South Africa

BY Cecilia GIMENO VEIRA, EEB4, S6FRD.

South Africa is facing huge problems with coal and water. Since 2010, the country has been confronted with a water crisis and mining activities have been harming the health of inhabitants and creating pollution.

Cape Town, the capital of South Africa, faces two major threats (both forecasted to have devastating effects on the city). The rains, ever so crucial for the functioning of the city, do not fall anymore; throughout the last three years they have barely graced the land. Secondly, along with the airmasses, the Benguela Current cools the sea. This does not allow moisture to accumulate, hence the arid climate.

Day Zero

In April 2018, the city reached “Day Zero”, which meant that there was no more water. Tanks of the precious resource had to be sent from Europe to Cape Town. That same day, the government shut the water supply for twelve hours; this caused numerous industries to close down. Then they gave each citizen fifty liters of water a day. Showers had to be limited to two minutes. In hotels, they stopped filling the pools; in restaurants – patrons were advised to refrain from flushing the toilet and to use hand sanitizers instead of running water to wash their hands. Washing cars and filling fountains was forbidden. There were even competitions for “Who had the dirtiest shirt”. They used a lot of recycled water, which came to be called grey water.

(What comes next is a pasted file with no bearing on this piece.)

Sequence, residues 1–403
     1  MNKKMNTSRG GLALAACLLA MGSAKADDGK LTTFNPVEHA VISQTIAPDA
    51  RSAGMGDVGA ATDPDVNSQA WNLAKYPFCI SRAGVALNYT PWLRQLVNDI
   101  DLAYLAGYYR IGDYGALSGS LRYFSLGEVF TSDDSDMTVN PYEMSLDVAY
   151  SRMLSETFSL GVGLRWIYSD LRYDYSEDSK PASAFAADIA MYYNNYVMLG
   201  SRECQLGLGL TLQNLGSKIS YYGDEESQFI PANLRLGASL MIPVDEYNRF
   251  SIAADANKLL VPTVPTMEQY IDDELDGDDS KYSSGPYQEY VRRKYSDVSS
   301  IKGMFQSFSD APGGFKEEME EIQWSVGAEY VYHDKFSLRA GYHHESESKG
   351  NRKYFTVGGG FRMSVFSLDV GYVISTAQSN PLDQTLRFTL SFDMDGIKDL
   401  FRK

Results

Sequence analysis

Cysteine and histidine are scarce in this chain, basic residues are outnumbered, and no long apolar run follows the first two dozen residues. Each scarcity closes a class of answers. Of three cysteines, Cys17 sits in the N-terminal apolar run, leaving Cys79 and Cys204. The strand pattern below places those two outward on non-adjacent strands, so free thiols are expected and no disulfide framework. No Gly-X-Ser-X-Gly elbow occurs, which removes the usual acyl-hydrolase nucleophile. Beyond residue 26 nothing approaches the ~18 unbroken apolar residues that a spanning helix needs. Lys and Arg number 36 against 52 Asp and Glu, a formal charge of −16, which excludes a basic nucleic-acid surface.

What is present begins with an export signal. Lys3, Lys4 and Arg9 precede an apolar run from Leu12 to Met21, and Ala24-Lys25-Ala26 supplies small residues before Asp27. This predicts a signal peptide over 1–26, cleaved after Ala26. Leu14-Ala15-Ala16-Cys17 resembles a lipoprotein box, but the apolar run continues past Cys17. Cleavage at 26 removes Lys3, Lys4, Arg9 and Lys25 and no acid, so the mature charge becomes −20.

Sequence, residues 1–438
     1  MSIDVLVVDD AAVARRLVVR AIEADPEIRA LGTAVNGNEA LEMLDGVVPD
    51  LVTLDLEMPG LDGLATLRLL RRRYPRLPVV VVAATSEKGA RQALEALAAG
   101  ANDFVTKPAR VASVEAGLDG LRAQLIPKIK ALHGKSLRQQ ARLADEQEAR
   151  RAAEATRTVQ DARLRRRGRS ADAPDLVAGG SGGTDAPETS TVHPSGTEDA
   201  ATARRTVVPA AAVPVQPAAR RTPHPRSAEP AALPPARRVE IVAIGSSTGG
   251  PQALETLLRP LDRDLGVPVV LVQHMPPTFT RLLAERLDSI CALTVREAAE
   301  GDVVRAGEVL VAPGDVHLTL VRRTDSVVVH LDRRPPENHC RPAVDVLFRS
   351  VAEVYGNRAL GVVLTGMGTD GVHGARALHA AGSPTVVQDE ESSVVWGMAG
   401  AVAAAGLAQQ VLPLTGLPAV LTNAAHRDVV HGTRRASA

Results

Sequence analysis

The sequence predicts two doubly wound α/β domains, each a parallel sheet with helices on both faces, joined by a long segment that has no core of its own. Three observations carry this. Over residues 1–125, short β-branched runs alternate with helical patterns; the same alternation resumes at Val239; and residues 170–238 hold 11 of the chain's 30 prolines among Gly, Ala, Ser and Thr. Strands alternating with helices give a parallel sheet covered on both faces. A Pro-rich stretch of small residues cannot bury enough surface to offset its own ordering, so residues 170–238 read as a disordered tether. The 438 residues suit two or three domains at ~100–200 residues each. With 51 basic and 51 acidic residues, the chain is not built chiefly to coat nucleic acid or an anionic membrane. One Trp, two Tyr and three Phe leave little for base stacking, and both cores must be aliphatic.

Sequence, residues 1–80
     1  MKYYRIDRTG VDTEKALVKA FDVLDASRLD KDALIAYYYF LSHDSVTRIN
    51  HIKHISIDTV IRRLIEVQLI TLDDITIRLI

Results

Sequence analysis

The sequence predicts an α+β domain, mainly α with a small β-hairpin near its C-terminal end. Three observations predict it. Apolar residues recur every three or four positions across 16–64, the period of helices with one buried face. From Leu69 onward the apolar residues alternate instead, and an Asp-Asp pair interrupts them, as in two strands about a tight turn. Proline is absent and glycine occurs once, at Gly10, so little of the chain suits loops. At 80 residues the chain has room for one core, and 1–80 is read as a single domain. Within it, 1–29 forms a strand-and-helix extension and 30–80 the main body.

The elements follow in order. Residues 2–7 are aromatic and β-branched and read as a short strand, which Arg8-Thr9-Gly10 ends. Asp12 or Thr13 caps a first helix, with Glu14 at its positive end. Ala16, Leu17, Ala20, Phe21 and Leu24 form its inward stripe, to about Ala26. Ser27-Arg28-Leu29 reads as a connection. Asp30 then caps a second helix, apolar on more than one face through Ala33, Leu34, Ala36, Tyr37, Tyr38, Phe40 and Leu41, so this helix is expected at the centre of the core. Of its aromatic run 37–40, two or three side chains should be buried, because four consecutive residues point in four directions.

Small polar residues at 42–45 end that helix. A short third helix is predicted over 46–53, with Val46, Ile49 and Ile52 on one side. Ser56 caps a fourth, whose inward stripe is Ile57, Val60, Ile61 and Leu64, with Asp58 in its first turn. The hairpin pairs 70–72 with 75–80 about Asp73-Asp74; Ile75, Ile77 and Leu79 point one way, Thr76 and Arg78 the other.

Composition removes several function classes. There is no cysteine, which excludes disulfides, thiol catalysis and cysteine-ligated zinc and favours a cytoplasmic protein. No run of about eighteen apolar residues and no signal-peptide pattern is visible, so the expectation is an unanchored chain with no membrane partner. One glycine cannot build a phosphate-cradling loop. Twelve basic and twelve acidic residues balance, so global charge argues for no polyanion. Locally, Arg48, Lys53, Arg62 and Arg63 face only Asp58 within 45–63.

Today, there is more rain and the limitations are less strict—nonetheless they some are still enforced as water is especially scarce in Cape Town.

Protests against mining

Since 2010, people in South Africa have been protesting because of the consequences of the mining activities. Mining creates a lot of air pollution into the air and leads to water containing high concentrations of different toxic chemical substances. The water that flows into the ocean has terrible impact on marine animals. South Africa has good soil for agriculture, but now the activities of coal mining have led to a high concentration of heavy metals in the soil. Food is contaminated and has led to death of some people. Farmers can no longer produce untainted food so there is a national food crisis.

Consequences

These kinds of pollution have led to all types of cancer, respiratory problems, cardiovascular problems, and have ultimately resulted in numerous deaths. The impacts are even visible on children, new born babies, and (in some occasions) fetuses. The consequences are irreversible: mental retardation, loss of intelligence, congenital malformation. The World Health Organization tried to stop these problems in vain. Nowadays, the situation is the same; coal mining has a huge impact on South Africa, but the mining activities have not decreased. Regarding food, water and children’s wellbeing — nothing has been done.

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